1994 The Eagles started a two-week run at No.1 on the US album chart with 'Hell Freezes Over.' The album name is in reference to a quote by Don Henley after the band's breakup in 1980; he commented that the band would play together again "when Hell freezes over."

And the music goes on beating to the rhythm of the changing times...

Have your cake...& eat it too!

Desserts, snacks and treats find a place in time on any given day of the week. There is no magic minute or hour. When the craving for something sweet hits, it hits...right then, right NOW! For cake's sake, for the love of cake, on this day you get to have your cake & eat it too!

November 26 is...

Great day to get the kids in the kitchen! Let Them Eat Cake!

http://www.punchbowl.com/holidays/national-cake-day One can find or bake pound cakes, bundt cakes, cupcakes, layer cakes, sheath cakes, icebox cakes, cakes that are breadlike, some with pudding, some without; butter cakes, cheesecakes, foam cakes, fruitcakes, spice cakes, sponge cakes, coffee cakes, even yeast cakes; plain cakes, decorated cakes, cakes that are round, square, rectangular, 1-2-3 or more layer cakes; vanilla, chocolate, nutty or velvety cakes; French, German, Italian or American, and of course, the haunt your dreams cake! And, that is only a beginning!

With so many different varieties of cake, how does one choose? It is all a matter of taste and preference. For your divine pleasure, the cake for today is the haunt of MY dreams cake - the Italian Cream and the many ways it can be prepared. With the holidays approaching, its possibilities are endless!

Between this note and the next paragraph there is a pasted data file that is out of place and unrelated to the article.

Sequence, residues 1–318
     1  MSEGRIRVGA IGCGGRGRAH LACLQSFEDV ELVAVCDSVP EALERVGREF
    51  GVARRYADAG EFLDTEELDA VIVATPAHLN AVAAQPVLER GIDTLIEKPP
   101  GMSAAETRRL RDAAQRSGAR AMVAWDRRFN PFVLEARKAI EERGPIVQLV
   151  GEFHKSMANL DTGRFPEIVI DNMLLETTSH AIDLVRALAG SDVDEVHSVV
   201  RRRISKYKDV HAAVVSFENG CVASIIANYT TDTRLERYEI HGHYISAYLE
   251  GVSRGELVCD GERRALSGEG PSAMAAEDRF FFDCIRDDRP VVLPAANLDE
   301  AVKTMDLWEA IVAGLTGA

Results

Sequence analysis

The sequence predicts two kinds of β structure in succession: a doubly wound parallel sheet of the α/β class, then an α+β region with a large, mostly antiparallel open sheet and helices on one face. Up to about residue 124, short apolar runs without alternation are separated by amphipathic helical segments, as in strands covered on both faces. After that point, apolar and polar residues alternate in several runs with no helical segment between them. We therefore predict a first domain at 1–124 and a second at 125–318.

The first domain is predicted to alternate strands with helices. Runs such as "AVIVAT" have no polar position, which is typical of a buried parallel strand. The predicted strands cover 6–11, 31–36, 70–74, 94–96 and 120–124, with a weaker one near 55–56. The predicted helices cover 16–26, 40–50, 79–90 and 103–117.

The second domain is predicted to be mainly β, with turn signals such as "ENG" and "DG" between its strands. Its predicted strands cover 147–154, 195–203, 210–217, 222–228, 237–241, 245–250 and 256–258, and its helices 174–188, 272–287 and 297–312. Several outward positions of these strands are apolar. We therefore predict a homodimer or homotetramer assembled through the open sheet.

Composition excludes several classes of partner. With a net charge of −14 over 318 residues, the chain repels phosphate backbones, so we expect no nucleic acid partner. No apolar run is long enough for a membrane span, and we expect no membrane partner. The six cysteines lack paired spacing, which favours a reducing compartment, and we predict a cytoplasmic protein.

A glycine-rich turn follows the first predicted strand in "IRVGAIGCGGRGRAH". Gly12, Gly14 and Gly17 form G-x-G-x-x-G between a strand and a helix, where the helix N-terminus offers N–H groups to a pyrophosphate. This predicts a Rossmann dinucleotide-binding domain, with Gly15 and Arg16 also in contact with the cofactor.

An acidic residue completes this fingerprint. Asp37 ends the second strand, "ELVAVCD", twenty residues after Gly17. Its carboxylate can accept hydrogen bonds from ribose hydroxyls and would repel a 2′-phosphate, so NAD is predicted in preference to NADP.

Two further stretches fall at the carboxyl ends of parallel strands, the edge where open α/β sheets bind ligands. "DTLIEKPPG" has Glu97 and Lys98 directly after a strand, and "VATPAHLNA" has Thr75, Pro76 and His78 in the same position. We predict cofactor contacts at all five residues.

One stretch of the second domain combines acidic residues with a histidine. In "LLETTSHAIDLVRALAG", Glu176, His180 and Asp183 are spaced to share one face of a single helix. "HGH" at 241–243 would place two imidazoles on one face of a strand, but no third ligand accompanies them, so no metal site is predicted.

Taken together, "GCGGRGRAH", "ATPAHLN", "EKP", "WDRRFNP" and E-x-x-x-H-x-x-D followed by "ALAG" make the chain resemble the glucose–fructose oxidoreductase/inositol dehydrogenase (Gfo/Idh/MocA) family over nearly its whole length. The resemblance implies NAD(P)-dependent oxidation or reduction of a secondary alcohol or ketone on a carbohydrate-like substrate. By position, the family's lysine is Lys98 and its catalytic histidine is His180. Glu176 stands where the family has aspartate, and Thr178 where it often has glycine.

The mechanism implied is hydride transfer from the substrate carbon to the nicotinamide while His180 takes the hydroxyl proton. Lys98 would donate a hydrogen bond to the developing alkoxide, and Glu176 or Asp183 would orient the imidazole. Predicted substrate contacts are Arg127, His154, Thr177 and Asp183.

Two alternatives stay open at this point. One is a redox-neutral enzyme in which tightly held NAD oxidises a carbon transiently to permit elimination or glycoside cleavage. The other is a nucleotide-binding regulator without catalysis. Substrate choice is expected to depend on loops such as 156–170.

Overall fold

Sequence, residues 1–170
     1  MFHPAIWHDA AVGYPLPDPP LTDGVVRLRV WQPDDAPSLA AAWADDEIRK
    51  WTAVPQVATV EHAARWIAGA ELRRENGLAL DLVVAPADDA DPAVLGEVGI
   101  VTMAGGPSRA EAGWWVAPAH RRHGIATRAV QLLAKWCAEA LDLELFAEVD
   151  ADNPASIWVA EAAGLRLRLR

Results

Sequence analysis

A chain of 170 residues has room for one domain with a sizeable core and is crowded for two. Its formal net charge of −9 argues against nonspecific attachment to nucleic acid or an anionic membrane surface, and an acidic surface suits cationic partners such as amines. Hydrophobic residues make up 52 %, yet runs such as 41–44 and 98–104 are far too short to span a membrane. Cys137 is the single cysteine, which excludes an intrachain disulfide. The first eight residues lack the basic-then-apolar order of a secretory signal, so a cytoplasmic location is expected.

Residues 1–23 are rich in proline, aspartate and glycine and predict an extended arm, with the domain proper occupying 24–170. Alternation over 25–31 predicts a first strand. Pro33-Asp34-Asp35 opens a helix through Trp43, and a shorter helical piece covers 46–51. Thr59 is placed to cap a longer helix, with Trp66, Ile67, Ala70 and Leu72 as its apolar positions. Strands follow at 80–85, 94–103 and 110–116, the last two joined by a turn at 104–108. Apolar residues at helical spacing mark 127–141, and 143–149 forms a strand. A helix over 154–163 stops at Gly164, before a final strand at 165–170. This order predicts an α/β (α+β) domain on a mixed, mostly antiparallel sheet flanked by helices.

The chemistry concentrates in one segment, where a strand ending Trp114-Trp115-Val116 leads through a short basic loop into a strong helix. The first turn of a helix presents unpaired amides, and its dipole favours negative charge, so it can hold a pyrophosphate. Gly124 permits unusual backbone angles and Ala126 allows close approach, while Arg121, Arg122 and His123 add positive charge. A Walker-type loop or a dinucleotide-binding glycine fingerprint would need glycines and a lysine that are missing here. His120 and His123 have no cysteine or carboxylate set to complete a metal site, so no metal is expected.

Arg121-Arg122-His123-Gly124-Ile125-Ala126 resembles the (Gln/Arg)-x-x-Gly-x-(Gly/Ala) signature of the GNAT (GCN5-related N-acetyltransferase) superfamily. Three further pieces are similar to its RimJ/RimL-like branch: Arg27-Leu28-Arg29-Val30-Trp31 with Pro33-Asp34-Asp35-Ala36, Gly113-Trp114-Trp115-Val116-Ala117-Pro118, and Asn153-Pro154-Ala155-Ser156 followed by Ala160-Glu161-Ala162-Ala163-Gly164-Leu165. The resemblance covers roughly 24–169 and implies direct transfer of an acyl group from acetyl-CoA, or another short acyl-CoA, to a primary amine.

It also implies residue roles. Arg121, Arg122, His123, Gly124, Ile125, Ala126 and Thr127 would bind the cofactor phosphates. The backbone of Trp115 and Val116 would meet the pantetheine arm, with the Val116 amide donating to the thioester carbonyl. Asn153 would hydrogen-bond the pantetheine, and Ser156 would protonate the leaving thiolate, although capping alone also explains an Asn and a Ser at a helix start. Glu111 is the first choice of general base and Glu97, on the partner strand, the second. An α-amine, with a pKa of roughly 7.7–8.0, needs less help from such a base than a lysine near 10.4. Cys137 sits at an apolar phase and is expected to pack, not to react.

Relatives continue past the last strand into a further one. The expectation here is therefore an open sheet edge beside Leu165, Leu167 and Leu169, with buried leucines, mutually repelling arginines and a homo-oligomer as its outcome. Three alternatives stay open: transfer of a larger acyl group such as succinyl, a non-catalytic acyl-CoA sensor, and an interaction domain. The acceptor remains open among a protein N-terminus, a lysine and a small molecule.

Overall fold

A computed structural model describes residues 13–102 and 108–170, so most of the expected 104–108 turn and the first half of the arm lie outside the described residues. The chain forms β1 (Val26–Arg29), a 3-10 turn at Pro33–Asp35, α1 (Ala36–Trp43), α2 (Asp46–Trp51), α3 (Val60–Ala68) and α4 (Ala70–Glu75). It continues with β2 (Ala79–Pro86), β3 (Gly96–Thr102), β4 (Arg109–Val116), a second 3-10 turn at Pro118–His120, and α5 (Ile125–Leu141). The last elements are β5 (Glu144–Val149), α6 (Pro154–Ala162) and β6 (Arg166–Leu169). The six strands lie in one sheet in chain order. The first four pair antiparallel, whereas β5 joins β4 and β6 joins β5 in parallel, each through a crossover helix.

Just the way I like it, uh-huh! Creamy, crumbly, moist, melt-in-your-mouth Italian Cream Christmas Cake (Recipe)

Too much of a good thing? Maybe something a bit smaller is more to your taste...

 Italian Cream Cupcakes (Recipe)

Perhaps you had rather bundt it...

Italian Cream Bundt Cake (Recipe)

Ever tried adding a bit of orange? Great for the holidays...

Fresh Orange Italian Cream Cake (Recipe)

What about caramelizing? Brown sugar is the shortcut to quick caramel flavor in both the cake layers and the frosting. 

 Caramel Italian Cream Cake (Recipe)

You really didn't think I would leave out the CHOCOLATE, did you?

Chocolate Italian Cake (Recipe)
The chocolate version of the classic Italian Cream Cake

Need more ideas?

Can't leave without a Brief History Of Cakes...